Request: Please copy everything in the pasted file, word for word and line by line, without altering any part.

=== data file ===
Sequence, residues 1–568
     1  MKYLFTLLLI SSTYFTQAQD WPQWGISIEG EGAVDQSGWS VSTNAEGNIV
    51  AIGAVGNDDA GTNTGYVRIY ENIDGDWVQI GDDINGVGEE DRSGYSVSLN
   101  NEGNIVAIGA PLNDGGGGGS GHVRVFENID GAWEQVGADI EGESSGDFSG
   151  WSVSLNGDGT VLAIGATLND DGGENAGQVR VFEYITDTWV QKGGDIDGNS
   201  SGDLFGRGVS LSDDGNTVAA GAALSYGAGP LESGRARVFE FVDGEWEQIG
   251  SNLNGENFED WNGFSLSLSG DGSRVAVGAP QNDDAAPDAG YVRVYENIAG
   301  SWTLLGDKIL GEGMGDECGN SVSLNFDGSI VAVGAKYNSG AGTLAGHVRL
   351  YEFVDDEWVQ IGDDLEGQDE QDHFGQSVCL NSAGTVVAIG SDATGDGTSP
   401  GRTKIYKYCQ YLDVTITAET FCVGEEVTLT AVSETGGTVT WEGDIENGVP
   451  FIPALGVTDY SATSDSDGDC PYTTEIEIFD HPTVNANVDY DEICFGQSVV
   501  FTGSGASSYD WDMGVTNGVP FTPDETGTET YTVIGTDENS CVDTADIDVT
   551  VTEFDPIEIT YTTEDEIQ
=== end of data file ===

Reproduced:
Sequence, residues 1–568
     1  MKYLFTLLLI SSTYFTQAQD WPQWGISIEG EGAVDQSGWS VSTNAEGNIV
    51  AIGAVGNDDA GTNTGYVRIY ENIDGDWVQI GDDINGVGEE DRSGYSVSLN
   101  NEGNIVAIGA PLNDGGGGGS GHVRVFENID GAWEQVGADI EGESSGDFSG
   151  WSVSLNGDGT VLAIGATLND DGGENAGQVR VFEYITDTWV QKGGDIDGNS
   201  SGDLFGRGVS LSDDGNTVAA GAALSYGAGP LESGRARVFE FVDGEWEQIG
   251  SNLNGENFED WNGFSLSLSG DGSRVAVGAP QNDDAAPDAG YVRVYENIAG
   301  SWTLLGDKIL GEGMGDECGN SVSLNFDGSI VAVGAKYNSG AGTLAGHVRL
   351  YEFVDDEWVQ IGDDLEGQDE QDHFGQSVCL NSAGTVVAIG SDATGDGTSP
   401  GRTKIYKYCQ YLDVTITAET FCVGEEVTLT AVSETGGTVT WEGDIENGVP
   451  FIPALGVTDY SATSDSDGDC PYTTEIEIFD HPTVNANVDY DEICFGQSVV
   501  FTGSGASSYD WDMGVTNGVP FTPDETGTET YTVIGTDENS CVDTADIDVT
   551  VTEFDPIEIT YTTEDEIQ